David Cameron
David Cameron wants another five years in powerReuters

Prime Minister David Cameron has pledged to raise the tax-free allowance threshold to £12,500 and freeze income tax, VAT, and National Insurance if the Conservatives win the general election.

Speaking at a campaign event in Bristol, Cameron discussed his party's long-term economic plan, and reiterated the need for voters to keep the Tories in power.

He also addressed former Conservative supporters who may vote Ukip as a protest vote in May, warning them that in doing so, they could help Labour leader Ed Miliband enter Downing Street.

Chancellor George Osborne also spoke at the event, warning voters that shadow chancellor Ed Balls would introduce tax rises, and reiterating his party's "long term economic plan to build a more secure future."

"Conservatives believe if you've earned your money, you've saved your money, you should be trusted with your money – and from today you are," Osborne said, referring to new freedoms pensioners have over their retirement funds.

"Now the question is: what happens in 12 months' time, at the start of the next tax year – April 6th 2016?" he asked.

"Will we continue with our progress under the leadership of David Cameron – and see taxes cut further for working people?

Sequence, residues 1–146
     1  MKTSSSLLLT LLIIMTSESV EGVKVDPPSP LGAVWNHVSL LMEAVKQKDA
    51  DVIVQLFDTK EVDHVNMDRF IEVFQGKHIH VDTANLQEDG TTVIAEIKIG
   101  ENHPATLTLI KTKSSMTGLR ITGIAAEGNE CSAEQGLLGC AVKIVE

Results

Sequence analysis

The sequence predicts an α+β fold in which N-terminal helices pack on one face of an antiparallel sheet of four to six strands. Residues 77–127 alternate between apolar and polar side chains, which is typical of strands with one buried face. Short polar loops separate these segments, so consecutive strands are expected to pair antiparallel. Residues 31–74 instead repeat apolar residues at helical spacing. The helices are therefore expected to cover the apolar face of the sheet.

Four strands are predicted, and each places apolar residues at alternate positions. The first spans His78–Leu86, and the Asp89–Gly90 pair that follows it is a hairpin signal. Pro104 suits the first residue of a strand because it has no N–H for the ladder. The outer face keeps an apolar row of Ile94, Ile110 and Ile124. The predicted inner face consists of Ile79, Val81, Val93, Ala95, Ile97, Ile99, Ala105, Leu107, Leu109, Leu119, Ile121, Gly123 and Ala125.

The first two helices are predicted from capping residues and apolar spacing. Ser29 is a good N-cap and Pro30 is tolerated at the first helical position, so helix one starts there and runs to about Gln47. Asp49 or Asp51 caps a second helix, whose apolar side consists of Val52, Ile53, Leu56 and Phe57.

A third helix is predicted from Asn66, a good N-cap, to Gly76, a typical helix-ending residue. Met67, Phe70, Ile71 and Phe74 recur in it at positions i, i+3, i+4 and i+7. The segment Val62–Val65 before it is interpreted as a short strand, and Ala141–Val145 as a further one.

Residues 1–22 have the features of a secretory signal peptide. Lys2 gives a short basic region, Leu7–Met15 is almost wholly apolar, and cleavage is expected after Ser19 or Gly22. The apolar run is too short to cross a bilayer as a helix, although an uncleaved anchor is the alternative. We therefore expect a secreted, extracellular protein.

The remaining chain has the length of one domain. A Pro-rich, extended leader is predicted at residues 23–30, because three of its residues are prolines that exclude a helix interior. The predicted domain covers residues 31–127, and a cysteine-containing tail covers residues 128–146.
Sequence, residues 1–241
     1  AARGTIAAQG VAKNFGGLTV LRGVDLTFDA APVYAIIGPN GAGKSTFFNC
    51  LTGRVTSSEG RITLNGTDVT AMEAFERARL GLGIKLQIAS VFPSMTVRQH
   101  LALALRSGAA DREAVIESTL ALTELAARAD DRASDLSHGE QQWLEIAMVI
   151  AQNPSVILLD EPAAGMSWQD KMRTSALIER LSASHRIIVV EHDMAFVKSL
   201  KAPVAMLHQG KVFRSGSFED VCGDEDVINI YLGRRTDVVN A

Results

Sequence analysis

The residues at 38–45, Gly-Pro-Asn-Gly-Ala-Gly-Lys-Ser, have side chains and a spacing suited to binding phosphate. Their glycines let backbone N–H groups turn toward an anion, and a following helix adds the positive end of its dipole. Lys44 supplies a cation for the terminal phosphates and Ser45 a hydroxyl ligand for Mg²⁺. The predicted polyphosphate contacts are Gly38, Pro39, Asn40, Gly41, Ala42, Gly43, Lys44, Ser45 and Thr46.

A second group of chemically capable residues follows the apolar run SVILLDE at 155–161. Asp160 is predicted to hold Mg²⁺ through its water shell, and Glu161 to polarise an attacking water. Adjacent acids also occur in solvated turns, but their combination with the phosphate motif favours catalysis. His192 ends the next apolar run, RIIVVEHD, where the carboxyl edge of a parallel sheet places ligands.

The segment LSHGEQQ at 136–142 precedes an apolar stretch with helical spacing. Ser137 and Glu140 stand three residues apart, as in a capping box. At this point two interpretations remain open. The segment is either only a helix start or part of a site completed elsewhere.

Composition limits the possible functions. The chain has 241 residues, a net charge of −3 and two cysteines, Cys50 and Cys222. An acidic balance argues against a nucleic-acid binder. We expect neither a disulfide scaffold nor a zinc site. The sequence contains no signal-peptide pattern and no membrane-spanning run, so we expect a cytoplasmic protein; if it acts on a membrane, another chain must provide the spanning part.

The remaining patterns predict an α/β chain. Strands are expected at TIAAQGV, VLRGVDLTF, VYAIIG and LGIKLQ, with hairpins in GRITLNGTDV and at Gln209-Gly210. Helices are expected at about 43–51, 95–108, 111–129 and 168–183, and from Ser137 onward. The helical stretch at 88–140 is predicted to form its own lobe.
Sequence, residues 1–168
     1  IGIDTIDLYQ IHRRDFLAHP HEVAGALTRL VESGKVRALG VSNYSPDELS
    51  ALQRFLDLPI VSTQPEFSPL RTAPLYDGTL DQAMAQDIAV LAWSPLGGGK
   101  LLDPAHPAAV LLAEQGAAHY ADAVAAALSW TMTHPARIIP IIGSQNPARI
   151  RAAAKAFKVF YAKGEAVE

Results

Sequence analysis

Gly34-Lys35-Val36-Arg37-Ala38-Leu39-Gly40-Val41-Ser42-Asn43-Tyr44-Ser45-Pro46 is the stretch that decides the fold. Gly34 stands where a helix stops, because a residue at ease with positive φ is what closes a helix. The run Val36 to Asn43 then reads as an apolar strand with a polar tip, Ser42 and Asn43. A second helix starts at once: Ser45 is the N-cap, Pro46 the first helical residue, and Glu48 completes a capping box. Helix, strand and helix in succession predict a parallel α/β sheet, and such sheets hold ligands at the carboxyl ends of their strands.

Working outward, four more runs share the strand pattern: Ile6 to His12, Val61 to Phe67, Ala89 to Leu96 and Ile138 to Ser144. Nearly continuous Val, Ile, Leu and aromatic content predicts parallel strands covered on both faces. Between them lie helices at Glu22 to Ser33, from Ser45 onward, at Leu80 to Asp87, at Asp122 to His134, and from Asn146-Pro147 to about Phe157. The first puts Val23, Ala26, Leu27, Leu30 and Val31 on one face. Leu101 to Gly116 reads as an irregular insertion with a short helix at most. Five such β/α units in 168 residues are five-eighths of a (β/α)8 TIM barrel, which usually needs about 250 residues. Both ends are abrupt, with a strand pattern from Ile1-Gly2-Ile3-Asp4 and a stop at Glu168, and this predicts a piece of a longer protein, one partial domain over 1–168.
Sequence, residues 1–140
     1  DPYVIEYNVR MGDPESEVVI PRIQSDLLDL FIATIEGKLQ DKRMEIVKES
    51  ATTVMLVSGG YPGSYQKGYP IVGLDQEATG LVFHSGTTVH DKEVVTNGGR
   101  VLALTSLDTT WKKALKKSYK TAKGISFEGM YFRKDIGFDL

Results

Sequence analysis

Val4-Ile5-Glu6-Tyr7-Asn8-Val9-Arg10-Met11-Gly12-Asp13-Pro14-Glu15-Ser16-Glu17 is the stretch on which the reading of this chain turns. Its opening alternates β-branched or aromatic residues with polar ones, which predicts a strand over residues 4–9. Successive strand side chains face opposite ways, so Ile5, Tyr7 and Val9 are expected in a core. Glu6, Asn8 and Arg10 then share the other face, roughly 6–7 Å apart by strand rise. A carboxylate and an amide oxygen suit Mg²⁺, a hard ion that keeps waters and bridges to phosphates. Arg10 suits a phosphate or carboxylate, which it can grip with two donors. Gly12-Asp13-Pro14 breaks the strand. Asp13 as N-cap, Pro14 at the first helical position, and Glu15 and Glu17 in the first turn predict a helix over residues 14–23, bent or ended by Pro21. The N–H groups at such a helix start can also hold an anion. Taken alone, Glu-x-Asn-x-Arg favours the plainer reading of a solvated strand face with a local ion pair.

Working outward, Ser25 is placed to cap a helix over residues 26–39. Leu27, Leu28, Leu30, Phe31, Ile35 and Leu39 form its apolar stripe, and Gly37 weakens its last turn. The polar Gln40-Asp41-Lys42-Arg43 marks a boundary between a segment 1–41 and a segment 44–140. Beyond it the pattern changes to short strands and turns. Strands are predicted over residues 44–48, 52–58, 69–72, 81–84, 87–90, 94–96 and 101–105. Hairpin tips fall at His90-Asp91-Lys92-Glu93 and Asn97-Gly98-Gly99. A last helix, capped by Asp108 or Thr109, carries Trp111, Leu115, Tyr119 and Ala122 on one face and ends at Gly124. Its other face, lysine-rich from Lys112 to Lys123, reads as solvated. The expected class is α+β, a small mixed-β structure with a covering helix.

"Or will we face the first of many tax rises from Ed Miliband, hitting working families, costing jobs and taking Britain back to square one. That's the choice: the future or the past."

Osborne said that the Conservatives will abolish all National Insurance contributions for employers of people under 21, adding that the party believes you should be able to pass on your pension to your loved ones tax free.

The chancellor also referred to a letter signed by business leaders last week, warning that Labour's tax plans will be bad for economic growth.

Earlier on Monday, Labour's shadow chancellor Ed Balls said the Tories have a "secret plan" to raise VAT, calling the 2011 VAT rise "David Cameron's first broken promise".

Labour and the Conservatives are going head-to-head over their respective economic plans on Monday, the official start of the tax year, which the Tories have dubbed "money back Monday".